INTERESTING STORIES ABOUT CHI FLOW
Are there any interesting stories about your learning or teaching of chi flow?
— Sifu Mark Appleford, Chief Instructor, Shaolin Wahnam UK
My first encounter with the term chi flow was a Chinese kungfu story told by a famous Chinese story-teller called Li Tai Sor, broadcasted over Rediffusion, a local cable-network broadcasting service in Penang, Malaysia, when I was a small boy, of Foong Sai Yoke jumping up onto a lui-tai or high platform to fight with Looi the Tiger.
As Foong Sai Yoke landed on the high platform, he swayed gently in a famous Shaolin technique called Flowing Breeze Swaying Willows. It was only years later that I knew his was chi flow.
When I was learning Shaolin Kungfu from Sifu Ho Fatt Nam, I sometimes swayed after performing a kungfu set. It gave me a pleasant sensation and I felt charged with internal force. But my sifu discouraged me from going into vigorous chi flow.
Years later I had a rare opportunity to watch a video from China showing an old Shaolin master performing the famous Flower Set. Videos from China then were very rare, and anyone practicing traditional kungfu was rarer still. At the end of his performance, as he lowered his hands at his sides, he swayed gently like we do now. It then struck me that that was Flowing Breeze Swaying Willows.
When I learned One-Finger Shooting Zen from Sifu Ho Fatt Nam, it was performed on a Horse-Riding Stance. But Grandmaster Lam Sai Weng's classic, Tiger-Crane Double Form, showed him performing One-Finger Shooting Zen while standing upright. I tried performing One-Finger Shooting Zen standing upright, and soon found myself swaying vigorously in chi flow.
The chi flow also made me bend my knees involuntarily into the Two-Character Stance, as chi sank into my dan tian. As the chi flow was very vigorous, I could not perform One-Finger Shooting Zen in picture-perfect form.
I recalled that when I learned the Flower Set from Uncle Righteousness, the force-training part of the set was performed in a Two-Character Stance. I was actually puzzled why the Two-Character Stance, and not the Horse-Riding Stance or the Goat Stance, was used, but as a good student I just practiced what my sifu taught. Then in a flash of inspiration, I linked these different images together meaningfully.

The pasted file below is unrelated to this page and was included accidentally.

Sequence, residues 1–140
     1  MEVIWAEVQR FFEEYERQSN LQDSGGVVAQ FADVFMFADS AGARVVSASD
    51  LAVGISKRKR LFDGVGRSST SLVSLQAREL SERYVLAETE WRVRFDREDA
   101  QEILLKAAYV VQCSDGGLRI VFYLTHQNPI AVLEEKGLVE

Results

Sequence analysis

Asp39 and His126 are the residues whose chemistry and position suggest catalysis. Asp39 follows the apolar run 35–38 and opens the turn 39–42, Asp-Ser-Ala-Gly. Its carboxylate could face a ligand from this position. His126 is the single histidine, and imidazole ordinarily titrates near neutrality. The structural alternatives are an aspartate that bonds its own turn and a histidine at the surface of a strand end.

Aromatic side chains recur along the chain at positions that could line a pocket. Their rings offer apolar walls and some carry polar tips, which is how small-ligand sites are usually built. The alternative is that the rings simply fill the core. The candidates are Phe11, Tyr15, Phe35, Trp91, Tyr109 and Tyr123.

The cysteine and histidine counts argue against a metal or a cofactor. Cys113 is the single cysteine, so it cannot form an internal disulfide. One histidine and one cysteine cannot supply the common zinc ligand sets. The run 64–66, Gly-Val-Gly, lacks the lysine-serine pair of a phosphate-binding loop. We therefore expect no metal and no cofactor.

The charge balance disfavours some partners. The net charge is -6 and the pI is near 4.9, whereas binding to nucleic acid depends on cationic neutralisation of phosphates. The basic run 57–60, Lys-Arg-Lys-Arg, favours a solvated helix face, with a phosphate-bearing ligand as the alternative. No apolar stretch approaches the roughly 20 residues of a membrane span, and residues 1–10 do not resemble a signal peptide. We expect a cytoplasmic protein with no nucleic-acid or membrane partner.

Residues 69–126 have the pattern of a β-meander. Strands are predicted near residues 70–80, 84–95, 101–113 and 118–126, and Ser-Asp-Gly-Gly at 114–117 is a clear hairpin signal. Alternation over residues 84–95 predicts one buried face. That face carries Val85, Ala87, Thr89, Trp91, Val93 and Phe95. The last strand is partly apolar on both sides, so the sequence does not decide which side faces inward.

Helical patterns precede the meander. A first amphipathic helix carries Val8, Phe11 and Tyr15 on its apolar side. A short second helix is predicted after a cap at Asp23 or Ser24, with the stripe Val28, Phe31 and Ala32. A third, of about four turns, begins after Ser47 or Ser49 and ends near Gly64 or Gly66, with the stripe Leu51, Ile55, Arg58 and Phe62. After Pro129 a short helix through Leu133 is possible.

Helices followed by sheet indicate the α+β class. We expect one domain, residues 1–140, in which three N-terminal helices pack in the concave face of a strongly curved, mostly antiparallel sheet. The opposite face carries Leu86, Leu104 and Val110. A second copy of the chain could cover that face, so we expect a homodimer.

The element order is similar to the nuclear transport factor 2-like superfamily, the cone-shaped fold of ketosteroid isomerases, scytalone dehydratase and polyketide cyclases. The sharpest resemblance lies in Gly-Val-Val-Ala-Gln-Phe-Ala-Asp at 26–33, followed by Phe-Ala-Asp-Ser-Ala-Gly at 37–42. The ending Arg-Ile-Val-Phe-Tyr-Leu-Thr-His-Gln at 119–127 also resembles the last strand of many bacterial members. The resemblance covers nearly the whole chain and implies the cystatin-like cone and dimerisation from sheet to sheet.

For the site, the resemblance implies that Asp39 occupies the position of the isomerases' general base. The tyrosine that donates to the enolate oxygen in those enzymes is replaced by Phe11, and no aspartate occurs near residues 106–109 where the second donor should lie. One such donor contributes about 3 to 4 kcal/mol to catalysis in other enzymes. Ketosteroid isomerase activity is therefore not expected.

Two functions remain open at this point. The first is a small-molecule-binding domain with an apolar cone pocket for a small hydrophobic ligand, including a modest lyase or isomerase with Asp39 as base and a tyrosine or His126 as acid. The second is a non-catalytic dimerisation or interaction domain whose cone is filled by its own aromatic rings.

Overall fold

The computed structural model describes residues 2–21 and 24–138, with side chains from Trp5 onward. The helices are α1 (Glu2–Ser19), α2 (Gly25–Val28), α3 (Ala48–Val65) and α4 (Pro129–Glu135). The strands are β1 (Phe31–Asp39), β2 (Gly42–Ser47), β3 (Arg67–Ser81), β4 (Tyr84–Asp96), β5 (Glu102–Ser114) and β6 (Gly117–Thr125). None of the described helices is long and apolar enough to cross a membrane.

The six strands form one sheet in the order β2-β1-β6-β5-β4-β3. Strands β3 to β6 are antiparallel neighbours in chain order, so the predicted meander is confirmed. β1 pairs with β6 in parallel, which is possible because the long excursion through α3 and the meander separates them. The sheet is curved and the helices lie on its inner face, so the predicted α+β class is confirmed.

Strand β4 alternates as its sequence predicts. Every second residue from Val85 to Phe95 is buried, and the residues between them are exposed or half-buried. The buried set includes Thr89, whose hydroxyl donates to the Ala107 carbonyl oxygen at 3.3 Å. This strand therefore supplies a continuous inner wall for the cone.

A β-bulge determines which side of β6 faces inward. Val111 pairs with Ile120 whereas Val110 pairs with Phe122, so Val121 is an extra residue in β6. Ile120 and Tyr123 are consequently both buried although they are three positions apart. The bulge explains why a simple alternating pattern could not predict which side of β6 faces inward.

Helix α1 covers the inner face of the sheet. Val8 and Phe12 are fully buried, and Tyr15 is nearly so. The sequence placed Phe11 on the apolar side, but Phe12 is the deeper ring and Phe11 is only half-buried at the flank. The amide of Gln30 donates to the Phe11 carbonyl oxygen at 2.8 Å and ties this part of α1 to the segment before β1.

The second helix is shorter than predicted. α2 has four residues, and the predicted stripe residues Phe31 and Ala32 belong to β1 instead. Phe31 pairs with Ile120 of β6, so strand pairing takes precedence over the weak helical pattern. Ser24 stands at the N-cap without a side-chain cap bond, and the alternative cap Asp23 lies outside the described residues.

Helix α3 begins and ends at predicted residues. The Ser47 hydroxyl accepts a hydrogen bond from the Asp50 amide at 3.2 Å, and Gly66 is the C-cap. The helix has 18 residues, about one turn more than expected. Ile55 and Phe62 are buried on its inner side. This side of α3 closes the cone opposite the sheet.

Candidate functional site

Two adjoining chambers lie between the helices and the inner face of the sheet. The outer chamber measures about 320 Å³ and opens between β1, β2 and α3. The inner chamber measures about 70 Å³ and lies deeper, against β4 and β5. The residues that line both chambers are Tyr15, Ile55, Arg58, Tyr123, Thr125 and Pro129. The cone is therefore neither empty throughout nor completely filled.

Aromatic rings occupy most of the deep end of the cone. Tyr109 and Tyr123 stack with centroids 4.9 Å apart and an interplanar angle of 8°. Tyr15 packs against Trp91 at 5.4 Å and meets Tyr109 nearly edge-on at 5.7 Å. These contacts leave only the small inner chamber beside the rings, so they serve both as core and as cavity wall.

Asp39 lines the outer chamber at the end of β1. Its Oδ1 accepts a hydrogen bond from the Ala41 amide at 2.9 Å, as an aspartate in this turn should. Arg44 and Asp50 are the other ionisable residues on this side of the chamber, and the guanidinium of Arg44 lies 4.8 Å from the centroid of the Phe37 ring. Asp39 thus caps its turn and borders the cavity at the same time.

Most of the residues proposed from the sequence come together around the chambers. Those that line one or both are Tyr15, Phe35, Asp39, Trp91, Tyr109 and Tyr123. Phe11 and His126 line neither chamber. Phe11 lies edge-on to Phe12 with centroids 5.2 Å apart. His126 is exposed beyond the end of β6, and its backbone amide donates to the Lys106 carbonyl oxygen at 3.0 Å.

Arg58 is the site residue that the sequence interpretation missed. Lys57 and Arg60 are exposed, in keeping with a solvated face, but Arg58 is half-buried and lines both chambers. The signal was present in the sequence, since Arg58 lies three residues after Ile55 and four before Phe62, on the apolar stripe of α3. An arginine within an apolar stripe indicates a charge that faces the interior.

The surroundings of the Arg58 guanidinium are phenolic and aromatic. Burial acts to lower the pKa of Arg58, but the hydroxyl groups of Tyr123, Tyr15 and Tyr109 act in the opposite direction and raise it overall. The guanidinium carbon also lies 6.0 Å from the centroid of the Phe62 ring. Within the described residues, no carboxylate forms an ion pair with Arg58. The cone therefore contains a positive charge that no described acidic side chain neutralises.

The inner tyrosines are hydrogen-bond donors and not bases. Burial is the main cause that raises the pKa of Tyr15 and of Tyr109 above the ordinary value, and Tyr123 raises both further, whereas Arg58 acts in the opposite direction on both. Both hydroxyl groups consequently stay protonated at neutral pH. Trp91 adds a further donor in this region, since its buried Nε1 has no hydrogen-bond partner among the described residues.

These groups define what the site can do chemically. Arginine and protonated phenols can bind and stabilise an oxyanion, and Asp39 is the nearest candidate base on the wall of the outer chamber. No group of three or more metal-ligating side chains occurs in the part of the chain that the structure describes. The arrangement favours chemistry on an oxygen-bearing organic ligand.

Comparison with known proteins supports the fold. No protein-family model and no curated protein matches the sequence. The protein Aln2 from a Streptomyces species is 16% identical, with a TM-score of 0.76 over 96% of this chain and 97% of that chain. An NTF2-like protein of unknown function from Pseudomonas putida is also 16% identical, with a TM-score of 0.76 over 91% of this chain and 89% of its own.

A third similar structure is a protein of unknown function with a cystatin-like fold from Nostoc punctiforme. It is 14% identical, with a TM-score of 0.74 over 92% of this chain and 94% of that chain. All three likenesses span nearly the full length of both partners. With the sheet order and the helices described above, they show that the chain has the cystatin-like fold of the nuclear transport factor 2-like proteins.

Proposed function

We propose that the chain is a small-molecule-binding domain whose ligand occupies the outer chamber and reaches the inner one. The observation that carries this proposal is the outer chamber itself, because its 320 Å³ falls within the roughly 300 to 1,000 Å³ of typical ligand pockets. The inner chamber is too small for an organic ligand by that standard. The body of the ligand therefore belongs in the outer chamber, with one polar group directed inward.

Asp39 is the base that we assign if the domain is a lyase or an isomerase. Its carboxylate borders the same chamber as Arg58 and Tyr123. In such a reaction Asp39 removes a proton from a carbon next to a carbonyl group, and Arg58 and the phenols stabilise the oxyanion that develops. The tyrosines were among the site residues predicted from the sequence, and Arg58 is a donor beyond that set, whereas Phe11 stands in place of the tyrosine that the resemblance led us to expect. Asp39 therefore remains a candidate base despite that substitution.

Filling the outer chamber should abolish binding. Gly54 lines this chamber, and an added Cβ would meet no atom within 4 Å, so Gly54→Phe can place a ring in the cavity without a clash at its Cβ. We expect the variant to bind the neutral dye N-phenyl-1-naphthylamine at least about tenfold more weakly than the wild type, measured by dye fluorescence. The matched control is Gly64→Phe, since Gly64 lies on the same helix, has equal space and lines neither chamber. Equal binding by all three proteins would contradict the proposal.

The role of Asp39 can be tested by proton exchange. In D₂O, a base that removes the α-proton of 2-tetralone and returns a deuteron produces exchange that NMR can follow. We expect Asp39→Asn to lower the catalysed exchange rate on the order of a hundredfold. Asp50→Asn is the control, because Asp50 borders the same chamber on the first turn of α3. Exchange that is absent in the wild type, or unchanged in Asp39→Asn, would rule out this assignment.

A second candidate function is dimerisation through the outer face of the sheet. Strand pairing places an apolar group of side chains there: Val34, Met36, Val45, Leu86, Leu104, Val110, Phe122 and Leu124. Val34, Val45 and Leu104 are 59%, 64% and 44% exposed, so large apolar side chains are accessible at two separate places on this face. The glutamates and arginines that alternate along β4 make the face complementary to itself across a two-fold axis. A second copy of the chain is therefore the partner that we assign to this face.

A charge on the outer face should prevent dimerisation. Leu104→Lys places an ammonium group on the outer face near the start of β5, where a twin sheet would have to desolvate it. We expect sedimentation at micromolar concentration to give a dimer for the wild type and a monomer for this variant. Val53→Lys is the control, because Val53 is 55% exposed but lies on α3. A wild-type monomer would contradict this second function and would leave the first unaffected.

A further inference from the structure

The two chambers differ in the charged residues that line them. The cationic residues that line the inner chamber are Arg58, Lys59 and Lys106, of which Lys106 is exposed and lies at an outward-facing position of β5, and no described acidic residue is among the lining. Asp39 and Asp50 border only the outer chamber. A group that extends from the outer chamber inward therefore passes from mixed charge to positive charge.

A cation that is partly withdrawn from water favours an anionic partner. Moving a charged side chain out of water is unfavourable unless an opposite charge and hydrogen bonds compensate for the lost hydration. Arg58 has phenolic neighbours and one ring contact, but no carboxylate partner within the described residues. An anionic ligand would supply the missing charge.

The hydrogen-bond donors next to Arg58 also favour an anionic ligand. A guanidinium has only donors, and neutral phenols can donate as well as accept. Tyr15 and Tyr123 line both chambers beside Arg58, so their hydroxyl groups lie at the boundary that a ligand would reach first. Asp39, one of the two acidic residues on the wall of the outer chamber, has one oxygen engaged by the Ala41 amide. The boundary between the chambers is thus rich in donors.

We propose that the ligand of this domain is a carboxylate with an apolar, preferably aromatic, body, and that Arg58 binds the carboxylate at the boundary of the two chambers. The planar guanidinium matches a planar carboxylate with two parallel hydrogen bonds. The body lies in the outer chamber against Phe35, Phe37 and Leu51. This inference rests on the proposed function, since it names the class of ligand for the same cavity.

To facilitate chi flow, which was the ingredient for developing internal force, past masters stood upright when performing the required techniques, like One-Finger Shooting Zen and Single Dragon Emerges from Sea. When a lot of chi flow had been generated, the masters lowered themselves into a Two-Character Stance.
The chi flow at the Two-Character Stance was still too vigorous for the masters to perform the required techniques in picture-perfect form. So the Goat Stance or the Horse-Riding Stance was used to stabilize the chi flow movements so that the flowing chi can be more readily consolidated into internal force.
This procedural development from standing upright to Two-Character Stance, then to Goat Stance and Horse-Riding Stance in internal force training probably took place spontaneously over many centuries. In other words, those past masters involved in this development might not realize it.
The gradual changes or improvements were due to meeting expedient needs. It was likely that there were other changes too, but as these other changes were not useful they were logically dropped in the process. We just inherit the legacy of the past masters. Understanding the underlying philosophy enables us to be even more cost-effective.
There were some interesting stories in my teaching of chi flow. In my early years of teaching in Taiping, Malaysia, an elderly man who had such serious heart problem that he could not stand on his feet, came to me for healing. I had him seated on a chair, opened some of his energy points and helped him to have a chi flow.
Soon he could stand up supported by chi flow. Then his chi flow became vigorous. His family members repeatedly asked me whether it was safe for this elderly man with a serious heart problem to move so vigorously. I recalled reading in the classics that chi flow was safe, and I trusted the past masters. So I told his family members not to worry.
But actually I myself was quite worried. (At that time, I had not devised the three golden rules of practice, where the first rule was "Don't worry"!) What if he suddenly collapsed? As I was considering whether to ask him to slow down, I saw him smile. This confirmed for me that the chi flow was safe.
When he came out of chi flow, he told everybody present that that was one of the best times of his life. I also transmitted chi a few times from Sungai Petani to Taiping to help him. Soon he recovered.
On another occasion in Madrid, I helped a young man who had suffered from migraine for many years to have a chi flow. I noticed he had a blockage at the back of his head. I went behind him and gave him a hard slap on where the blockage was.
He started crying. His mother, who accompanied him, also cried after asking him why he cried. Douglas, who translated for us, asked the mother what the matter was. Douglas then told me that the young man cried for joy because his migraine which had troubled him for years disappeared after the slap. His mother also cried on hearing the good news.
The above is taken from Question 3 May 2013 Part 3 of the Selection of Questions and Answers.
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